As of late, I’ve found myself hitting File > New Project ALOT. It’s exciting to delve into some new packages and design paradigms, but I find myself taking on some of the same dependencies over and over again. Some of my favorite that make it in virtually every time:
- Serilog (link) – Structured logging
- Serilog sinks, including, but not limited to File, Rolling File, MongoDB, SQL Server, RabbitMQ, and the Async wrapper
- Mediatr (link) – In process messaging. Jimmy Bogard, you are a legend.
- Mediatr extensions to easily wire into Asp.Net Core.
- NSwag for Api Documentation
I may remove one or two if the specific project demands it, but it beats reworking my Startup.cs every single time.
The folder structure is what threw me off and took the most time. I tried to model it after most of the higher quality stuff I see on Github – things like IdentityServer4, and the Microsoft/AspNet repo. I’ve gotten used to the ‘src’ folder with accompanying ‘docs’ and ‘samples’. Achieving it was a pain, but I realized that creating Visual Studio Solution folders to be a close mirror to your actual structure helps to mentally organize it in your head. A picture is worth a thousand words:
The top level has your .sln.
The next level in has historically been all of my csproj folders. This time, I did a logical separation. I may add one for messaging in the future as well. Inside the logical folders (in the screenshot, CQRS) you will add your class libraries and projects. Be careful though, Visual Studio can trick you here.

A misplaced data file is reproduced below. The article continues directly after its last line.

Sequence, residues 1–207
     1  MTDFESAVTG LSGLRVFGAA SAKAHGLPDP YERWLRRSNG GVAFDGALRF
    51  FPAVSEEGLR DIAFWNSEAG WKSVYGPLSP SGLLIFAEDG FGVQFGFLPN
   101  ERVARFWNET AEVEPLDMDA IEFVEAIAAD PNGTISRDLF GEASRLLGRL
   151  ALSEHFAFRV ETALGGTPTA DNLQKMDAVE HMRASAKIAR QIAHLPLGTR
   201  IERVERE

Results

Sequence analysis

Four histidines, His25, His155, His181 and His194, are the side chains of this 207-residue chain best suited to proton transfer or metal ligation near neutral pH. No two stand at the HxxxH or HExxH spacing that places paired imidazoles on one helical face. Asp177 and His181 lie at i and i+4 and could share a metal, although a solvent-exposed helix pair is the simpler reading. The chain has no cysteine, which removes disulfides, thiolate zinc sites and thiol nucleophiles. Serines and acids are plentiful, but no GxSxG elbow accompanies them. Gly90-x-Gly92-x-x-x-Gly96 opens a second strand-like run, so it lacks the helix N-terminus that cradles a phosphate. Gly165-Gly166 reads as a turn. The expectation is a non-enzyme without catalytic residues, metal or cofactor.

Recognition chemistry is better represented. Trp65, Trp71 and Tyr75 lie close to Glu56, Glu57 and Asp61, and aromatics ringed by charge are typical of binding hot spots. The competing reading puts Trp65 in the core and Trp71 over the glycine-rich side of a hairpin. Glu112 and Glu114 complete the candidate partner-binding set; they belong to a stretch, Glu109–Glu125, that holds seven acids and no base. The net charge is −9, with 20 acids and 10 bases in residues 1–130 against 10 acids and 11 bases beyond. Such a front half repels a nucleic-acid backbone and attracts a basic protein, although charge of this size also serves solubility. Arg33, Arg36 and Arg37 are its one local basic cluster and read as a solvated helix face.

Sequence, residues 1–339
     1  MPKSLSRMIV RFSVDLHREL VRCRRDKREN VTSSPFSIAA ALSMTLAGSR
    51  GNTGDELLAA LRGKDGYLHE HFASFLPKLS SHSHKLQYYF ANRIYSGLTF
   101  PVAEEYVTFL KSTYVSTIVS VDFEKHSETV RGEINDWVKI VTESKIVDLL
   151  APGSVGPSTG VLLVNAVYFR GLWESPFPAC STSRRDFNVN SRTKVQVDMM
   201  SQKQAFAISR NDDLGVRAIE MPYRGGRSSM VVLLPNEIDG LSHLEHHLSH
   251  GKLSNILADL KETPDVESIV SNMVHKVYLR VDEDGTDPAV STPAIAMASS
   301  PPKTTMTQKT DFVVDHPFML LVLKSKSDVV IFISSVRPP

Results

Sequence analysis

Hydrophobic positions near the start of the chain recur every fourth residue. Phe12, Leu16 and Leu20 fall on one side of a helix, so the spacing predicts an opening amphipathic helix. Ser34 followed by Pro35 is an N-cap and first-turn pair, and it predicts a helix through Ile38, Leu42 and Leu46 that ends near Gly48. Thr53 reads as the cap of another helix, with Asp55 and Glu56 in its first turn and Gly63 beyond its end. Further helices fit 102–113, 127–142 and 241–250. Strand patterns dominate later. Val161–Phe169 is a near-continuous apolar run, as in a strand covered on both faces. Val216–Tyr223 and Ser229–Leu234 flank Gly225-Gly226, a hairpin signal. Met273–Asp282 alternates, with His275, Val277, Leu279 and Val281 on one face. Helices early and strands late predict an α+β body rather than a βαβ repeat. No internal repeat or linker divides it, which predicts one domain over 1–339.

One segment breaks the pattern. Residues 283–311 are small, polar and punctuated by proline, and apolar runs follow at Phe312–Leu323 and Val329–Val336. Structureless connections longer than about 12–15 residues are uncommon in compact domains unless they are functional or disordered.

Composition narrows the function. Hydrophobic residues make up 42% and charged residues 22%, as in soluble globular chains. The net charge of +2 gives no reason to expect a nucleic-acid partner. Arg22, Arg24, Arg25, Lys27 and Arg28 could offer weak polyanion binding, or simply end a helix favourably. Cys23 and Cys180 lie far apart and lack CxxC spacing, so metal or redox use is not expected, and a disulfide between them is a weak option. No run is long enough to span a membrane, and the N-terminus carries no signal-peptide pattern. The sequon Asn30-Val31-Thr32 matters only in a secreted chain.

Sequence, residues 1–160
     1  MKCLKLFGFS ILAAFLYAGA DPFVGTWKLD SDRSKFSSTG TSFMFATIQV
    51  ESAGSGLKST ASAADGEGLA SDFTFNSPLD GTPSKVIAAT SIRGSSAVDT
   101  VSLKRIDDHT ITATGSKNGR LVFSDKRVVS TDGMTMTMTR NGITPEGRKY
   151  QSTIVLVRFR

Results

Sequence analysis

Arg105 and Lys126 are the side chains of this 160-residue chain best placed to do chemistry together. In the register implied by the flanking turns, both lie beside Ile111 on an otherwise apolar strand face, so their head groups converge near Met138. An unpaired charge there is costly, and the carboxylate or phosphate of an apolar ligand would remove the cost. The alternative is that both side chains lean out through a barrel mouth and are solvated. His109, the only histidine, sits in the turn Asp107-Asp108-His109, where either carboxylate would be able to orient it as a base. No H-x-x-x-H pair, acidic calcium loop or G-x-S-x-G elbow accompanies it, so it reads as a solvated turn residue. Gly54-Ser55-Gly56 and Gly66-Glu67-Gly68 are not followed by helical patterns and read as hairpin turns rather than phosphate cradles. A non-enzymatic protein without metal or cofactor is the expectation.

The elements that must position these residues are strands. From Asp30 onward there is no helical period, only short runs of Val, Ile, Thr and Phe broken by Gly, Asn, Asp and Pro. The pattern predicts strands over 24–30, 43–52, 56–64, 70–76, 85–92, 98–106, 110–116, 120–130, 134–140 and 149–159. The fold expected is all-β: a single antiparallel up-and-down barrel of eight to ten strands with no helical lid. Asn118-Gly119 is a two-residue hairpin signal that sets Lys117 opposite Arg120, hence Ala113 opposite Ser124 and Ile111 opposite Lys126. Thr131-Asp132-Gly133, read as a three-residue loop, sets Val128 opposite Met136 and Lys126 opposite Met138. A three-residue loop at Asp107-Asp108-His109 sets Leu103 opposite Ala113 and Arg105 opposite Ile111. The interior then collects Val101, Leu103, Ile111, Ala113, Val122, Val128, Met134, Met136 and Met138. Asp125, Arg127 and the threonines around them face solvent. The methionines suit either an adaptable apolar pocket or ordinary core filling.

Add New Project will drop your .csproj into a normal flat list, but the physical location is right where you put it. You have to use Add New Solution Folder to get a logical view in the Solution Explorer that matches your physical directory structure. Bit of a nuisance, but it’s not so bad once you understand what’s going on.
Before Solution Folder:
(at this point, it’s actually physically located in one of the directories above)
After Adding Solution Folder via Right Click Solution > Add > New Solution Folder:
Just drag and drop your csproj into the solution folder, and check in the resulting changes to your sln file.
You could even do a totally different view in the Solution Explorer if you wanted, but my aim was to mirror most of the higher end stuff I see on GitHub in the .Net space.
I’ve thrown it up on Github:
Hopefully it helps you save some time in your next project! Happy coding!